77 methods
Jonathan Courtney (AJ&Smart Berlin)

Lightning Decision Jam (LDJ)

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The problem with anything that requires creative thinking is that it’s easy to get lost—lose focus and fall into the trap of having useless, open-ended, unstructured discussions. Here’s the most effective solution I’ve found: Replace all open, unstructured discussion with a clear process.

What to use this exercise for: Anything which requires a group of people to make decisions, solve problems or discuss challenges. It’s always good to frame an LDJ session with a broad topic, here are some examples:

  • The conversion flow of our checkout
  • Our internal design process
  • How we organise events
  • Keeping up with our competition
  • Improving sales flow
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Gamestorming methods

Impact and Effort Matrix

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In this decision-making exercise, possible actions are mapped based on two factors: effort required to implement and potential impact. Categorizing ideas along these lines is a useful technique in decision making, as it obliges contributors to balance and evaluate suggested actions before committing to them.

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Hyper Island

Dotmocracy

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Dotmocracy is a simple method for group prioritization or decision-making. It is not an activity on its own, but a method to use in processes where prioritization or decision-making is the aim. The method supports a group to quickly see which options are most popular or relevant. The options or ideas are written on post-its and stuck up on a wall for the whole group to see. Each person votes for the options they think are the strongest, and that information is used to inform a decision.

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Gamestorming methods

20/20 Vision

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The 20/20 Vision game is about getting group clarity around which projects or initiatives should be more of a priority than others. Because employees’ attention is so often divided among multiple projects, it can be refreshing to refocus and realign more intently with the projects that have the biggest bang for the buck. And defining the “bang” together helps ensure that the process of prioritization is quality.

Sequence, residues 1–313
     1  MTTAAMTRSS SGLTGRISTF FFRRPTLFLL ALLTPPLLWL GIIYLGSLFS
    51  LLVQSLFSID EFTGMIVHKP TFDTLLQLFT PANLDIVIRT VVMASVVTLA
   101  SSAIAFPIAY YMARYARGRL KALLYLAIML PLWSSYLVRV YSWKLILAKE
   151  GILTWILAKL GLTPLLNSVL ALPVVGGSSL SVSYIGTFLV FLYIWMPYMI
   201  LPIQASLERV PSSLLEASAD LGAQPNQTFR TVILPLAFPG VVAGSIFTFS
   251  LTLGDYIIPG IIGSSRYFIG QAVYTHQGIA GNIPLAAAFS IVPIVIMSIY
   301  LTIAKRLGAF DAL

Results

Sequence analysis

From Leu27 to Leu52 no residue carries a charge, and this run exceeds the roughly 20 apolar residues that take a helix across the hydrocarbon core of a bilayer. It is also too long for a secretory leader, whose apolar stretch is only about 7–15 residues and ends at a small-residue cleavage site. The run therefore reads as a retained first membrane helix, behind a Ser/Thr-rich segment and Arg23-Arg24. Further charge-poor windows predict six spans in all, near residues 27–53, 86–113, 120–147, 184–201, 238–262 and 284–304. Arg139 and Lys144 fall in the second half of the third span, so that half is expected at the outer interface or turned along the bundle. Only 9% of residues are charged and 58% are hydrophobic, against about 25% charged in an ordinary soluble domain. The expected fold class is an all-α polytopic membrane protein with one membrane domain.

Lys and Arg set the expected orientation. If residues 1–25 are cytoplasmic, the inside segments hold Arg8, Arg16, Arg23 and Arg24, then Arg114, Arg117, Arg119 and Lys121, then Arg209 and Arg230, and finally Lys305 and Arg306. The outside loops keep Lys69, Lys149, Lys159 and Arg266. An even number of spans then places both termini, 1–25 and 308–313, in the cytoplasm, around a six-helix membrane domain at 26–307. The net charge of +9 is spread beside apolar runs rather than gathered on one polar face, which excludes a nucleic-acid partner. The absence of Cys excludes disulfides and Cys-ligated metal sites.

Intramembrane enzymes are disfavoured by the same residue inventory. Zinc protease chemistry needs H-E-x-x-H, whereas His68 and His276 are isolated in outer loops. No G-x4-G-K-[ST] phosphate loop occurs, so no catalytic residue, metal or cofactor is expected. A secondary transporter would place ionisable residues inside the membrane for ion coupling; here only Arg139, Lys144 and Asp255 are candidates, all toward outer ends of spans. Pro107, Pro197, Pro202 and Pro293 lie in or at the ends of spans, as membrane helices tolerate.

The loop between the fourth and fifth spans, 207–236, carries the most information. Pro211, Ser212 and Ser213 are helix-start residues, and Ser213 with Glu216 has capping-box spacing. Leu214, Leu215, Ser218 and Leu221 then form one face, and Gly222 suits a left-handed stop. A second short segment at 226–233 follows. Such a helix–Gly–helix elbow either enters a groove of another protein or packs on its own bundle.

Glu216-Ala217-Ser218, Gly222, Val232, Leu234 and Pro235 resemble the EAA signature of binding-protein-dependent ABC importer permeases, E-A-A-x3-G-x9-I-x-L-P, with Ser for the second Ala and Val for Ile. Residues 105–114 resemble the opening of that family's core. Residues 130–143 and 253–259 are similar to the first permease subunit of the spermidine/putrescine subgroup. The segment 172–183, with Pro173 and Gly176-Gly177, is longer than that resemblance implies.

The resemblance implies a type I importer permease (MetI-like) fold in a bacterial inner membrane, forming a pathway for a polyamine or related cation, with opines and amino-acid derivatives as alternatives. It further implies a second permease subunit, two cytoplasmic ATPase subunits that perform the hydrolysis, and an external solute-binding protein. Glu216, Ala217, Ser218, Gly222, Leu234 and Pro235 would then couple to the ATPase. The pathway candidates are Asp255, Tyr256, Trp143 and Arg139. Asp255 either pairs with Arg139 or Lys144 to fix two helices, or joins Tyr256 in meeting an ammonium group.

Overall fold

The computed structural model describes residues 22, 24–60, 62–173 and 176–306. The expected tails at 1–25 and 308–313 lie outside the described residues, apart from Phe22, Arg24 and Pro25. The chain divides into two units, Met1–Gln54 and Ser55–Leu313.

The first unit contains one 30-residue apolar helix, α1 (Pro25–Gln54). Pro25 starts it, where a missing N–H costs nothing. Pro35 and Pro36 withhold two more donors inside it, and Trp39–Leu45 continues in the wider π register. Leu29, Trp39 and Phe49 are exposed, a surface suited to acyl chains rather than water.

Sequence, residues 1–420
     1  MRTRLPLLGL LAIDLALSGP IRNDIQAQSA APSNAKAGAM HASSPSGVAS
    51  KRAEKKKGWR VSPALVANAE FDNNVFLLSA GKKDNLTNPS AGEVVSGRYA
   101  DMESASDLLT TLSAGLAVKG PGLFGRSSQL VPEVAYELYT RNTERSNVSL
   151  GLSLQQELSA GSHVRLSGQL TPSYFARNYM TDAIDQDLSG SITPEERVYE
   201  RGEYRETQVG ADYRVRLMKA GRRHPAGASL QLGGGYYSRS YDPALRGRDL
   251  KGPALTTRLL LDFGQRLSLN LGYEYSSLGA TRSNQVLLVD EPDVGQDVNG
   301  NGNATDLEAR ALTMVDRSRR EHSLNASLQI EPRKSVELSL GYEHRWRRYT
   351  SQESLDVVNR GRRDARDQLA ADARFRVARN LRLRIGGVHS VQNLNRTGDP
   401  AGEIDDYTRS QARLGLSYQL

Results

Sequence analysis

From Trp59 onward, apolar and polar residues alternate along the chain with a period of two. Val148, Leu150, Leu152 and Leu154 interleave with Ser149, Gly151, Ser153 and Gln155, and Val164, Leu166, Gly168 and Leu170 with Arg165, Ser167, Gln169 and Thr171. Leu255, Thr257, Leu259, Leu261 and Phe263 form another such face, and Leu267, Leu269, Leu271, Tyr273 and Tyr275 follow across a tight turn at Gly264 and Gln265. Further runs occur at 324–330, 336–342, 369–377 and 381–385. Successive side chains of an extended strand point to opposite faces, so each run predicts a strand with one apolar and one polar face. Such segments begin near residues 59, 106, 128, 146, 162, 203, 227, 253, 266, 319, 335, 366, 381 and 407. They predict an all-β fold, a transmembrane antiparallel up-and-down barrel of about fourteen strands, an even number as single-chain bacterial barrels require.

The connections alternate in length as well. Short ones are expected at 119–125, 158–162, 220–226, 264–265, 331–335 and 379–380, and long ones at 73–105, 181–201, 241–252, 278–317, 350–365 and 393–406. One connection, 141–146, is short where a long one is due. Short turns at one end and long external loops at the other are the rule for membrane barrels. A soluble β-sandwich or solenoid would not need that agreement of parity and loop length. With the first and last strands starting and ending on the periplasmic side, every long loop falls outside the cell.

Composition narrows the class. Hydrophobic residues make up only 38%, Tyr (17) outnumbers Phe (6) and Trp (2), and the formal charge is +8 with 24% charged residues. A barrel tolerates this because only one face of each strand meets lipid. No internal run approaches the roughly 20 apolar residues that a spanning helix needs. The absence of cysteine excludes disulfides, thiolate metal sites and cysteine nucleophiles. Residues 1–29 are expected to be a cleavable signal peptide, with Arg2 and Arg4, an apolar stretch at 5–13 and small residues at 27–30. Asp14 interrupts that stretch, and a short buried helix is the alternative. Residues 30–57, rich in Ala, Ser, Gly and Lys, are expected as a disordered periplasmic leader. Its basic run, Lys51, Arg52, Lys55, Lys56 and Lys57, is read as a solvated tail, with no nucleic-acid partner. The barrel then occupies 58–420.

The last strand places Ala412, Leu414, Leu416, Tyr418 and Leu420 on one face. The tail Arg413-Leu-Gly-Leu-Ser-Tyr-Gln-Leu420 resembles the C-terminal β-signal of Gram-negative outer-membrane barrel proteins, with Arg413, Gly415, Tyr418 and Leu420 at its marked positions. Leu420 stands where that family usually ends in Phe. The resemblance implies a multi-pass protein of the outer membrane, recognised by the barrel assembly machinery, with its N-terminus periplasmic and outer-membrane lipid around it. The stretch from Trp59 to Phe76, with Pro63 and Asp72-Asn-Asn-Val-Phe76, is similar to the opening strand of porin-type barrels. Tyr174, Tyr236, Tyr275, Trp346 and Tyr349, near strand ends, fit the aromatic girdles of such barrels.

Thiagi Group

TRASH: Goal-setting Simulation

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This simulation game consists of six rounds of activity, each involving a different participant. A mini debriefing discussion is undertaken immediately after each round to identify the emotional impact of the type of goal statement used during the round and to relate the experience with workplace events. The final activity requires participants to apply their insights to the specification of work-related performance goals.

Thiagi Group

Decisions, Decisions…

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When it comes to decision-making, why are some of us more prone to take risks while others are risk-averse? One explanation might be the way the decision and options were presented. 

This exercise, based on Kahneman and Tversky's classic study, illustrates how the framing effect influences our judgement and our ability to make decisions. The participants are divided into two groups. Both groups are presented with the same problem and two alternative programs for solving them. The two programs both have the same consequences but are presented differently. The debriefing discussion examines how the framing of the program impacted the participant's decision.

Gamestorming methods

100$ Test

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In this method of prioritization, participants assign relative value to a list of items by spending an imaginary $100 together. By using the concept of cash, the exercise captures more attention and keeps participants more engaged than an arbitrary point or ranking system.